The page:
12. Tiny Survivors

What are we supposed to call games that are like Vampire Survivors? Action Roguelites? Survival Roguelites? Roguelite autobattlers? Rogue survivor-likes with automated battles? The previously mentioned smash-hit indie success story from 2022 has spawned more copycats than you can count on two hands, including such games as Boneraiser Minions, Halls of Torment and Brotato, to name a few. Tiny Survivors is yet another game like this, but it’s the first one I’m familiar with that is completely free instead of merely dirt cheap.

If you’re not familiar with the concept, a Vampire Survivors-like is a game that has you control the movements of a character from a top-down perspective as they fight waves of enemies on their own. You upgrade their gear and traits between rounds and keep going until it’s too much to handle or, by some miracle, you reach the final stage. This one plays most similarly to Brotato, where you’re stuck in a confined space and you deploy weapons directionally around your character. I guess if three or five dollars is too much to spend on a game to see if you’ll like it, well, now we’ve got the perfect solution for that.


This is my pick for the best free horror game on Steam from 2023. TELEFORUM is a found footage-type of game based around a haunted VHS tape. It features multiple branching story paths with outcomes that are dictated by your dialogue choices. While there isn’t necessarily a wrong way to play the game, replay value is found in searching for the right combination of actions to unlock a “true” ending while hunting for all of the achievements. I thought the visual presentation, sound design and writing were all well done.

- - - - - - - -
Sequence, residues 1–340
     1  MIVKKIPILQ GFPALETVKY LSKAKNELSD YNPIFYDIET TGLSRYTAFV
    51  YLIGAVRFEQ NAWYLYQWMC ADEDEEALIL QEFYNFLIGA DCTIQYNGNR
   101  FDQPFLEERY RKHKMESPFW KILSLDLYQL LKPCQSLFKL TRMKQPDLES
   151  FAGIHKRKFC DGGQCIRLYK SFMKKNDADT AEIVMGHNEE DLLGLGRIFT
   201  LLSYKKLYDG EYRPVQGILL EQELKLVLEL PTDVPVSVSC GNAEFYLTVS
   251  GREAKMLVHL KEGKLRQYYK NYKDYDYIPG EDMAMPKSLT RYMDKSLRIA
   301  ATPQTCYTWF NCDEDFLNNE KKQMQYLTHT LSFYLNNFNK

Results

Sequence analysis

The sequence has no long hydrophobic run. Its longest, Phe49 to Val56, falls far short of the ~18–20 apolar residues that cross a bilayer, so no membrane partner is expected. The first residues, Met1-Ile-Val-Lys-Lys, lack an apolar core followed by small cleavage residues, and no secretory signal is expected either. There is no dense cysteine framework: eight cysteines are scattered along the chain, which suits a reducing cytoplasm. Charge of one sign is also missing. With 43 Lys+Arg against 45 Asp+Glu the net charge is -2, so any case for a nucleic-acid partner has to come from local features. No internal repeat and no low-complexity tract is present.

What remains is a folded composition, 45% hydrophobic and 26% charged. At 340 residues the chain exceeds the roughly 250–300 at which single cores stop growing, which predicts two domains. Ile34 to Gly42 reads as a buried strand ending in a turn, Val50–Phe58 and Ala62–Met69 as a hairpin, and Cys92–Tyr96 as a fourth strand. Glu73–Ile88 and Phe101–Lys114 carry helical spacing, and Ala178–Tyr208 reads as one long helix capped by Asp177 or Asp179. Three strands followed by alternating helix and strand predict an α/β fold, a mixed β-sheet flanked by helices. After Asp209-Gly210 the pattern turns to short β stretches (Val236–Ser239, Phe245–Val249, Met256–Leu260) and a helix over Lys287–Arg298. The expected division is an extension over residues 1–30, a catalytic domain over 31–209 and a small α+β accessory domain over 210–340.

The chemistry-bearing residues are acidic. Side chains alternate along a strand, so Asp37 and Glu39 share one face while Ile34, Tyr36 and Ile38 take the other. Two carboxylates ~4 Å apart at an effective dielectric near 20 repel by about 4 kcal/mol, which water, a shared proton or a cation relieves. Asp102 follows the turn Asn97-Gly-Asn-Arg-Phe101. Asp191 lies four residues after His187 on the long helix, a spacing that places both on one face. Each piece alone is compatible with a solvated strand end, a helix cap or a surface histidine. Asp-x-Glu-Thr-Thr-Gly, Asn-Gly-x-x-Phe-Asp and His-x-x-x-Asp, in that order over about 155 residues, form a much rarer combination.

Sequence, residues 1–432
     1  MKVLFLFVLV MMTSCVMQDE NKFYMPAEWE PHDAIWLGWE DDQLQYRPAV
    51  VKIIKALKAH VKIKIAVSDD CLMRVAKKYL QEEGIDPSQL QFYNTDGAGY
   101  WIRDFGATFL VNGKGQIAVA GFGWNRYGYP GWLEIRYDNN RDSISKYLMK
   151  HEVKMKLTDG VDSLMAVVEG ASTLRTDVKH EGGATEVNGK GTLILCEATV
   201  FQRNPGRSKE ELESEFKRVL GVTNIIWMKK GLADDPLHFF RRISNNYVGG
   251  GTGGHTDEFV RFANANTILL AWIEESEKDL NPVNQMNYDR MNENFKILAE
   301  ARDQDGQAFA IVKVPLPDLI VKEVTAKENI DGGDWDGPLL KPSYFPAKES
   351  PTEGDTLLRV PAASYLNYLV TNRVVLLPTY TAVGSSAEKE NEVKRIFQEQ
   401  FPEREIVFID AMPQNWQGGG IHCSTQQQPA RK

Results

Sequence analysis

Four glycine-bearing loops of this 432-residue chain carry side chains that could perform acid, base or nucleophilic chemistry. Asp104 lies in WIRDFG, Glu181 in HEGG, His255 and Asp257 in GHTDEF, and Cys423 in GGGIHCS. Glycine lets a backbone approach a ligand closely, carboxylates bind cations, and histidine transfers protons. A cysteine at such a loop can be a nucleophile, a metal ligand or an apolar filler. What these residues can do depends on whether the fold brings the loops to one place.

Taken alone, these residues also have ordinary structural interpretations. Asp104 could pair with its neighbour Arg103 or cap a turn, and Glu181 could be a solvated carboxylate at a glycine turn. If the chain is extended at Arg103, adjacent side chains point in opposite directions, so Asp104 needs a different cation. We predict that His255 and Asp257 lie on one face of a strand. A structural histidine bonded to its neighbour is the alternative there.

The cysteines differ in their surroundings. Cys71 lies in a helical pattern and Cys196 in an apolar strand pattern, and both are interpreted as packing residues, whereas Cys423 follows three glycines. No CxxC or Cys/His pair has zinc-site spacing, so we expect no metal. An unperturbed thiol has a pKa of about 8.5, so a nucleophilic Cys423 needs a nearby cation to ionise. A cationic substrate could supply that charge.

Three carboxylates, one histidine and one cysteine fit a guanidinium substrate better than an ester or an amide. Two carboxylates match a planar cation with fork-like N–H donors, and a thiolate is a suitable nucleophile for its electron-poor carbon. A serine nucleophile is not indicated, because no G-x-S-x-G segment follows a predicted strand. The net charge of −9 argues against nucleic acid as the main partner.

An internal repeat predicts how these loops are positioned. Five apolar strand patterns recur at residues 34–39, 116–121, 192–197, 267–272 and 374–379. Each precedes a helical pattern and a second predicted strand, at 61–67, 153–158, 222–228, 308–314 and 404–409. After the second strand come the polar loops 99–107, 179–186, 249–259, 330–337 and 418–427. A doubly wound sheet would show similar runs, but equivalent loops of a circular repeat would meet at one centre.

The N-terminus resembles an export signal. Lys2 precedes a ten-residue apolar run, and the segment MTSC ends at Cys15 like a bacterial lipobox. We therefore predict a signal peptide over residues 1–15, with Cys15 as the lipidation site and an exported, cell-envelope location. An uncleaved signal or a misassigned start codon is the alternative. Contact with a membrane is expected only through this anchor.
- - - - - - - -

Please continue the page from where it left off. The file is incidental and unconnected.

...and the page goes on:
If I had any criticisms, I’d just say that the horror elements of this horror game left a bit to be desired funnily enough. The VHS component of the presentation adds to the experience in ways that other pretentious pieces of media that don’t understand VHS technology fail to capture. I just wish they would have leaned more heavily into the found footage video pieces to ramp up the horror. I unlocked about two-thirds of the achievements in under an hour, so this comes as an easy recommendation if you have a little bit of time to kill.

10. Hypersomnia

If you can get into top-down 2D shooters, you’ll find that this late entry into the 2023 freebie field has the core of a great online multiplayer game. A complex control scheme and diverse arsenal ensure a steep learning curve if you want to compete with the best, but it can also be fun to just wail around in a lobby with some friends of equal skill. The tutorial will get you started on learning to out-think opponents, but it’s up to you to actually develop those skills. I enjoy some of the intricacies like hiding your weapon to sneak through tight spaces, using angles to shoot or throw grenades around a corner and even using magic spells to throw opponents off-kilter.

The down side of Hypersomnia is that it doesn’t appear to have a robust player base, at least not yet as of writing this review. I wasn’t able to find a single-player or bot match mode either, so the experience can only go as far as other people are willing to take it. There’s massive potential here, I’ll be keeping an eye on it to see how it gets fleshed out in 2024 and beyond. It also gets major brownie points from me for being open source!

9. Franzen

We’ve been spoiled with 16-bit styled RPG releases over the past couple of years, with games like Sea of Stars and Chained Echoes receiving high praise from both gaming press and fans. Those games feature the kind of beautiful pixel art that many people appreciate from old-school JRPGs, but the actual gameplay systems were tweaked a bit to cater to a modern audience. If you’re looking for a faithful old-school JRPG adventure that respects your time and has its own visual flair, might I suggest Franzen?